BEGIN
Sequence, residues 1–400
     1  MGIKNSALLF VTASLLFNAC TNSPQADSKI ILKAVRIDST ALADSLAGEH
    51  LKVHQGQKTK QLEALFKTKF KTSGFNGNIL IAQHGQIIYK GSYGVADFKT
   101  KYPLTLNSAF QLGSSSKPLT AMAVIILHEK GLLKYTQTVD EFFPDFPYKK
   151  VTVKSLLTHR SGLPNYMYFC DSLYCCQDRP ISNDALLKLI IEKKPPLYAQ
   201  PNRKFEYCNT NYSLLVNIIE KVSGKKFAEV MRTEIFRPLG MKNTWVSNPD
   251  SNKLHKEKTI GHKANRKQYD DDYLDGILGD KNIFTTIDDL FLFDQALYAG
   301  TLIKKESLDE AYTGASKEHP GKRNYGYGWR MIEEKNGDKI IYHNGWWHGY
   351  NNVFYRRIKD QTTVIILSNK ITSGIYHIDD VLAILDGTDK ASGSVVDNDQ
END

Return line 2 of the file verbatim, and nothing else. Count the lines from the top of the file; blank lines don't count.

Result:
     1  MGIKNSALLF VTASLLFNAC TNSPQADSKI ILKAVRIDST ALADSLAGEH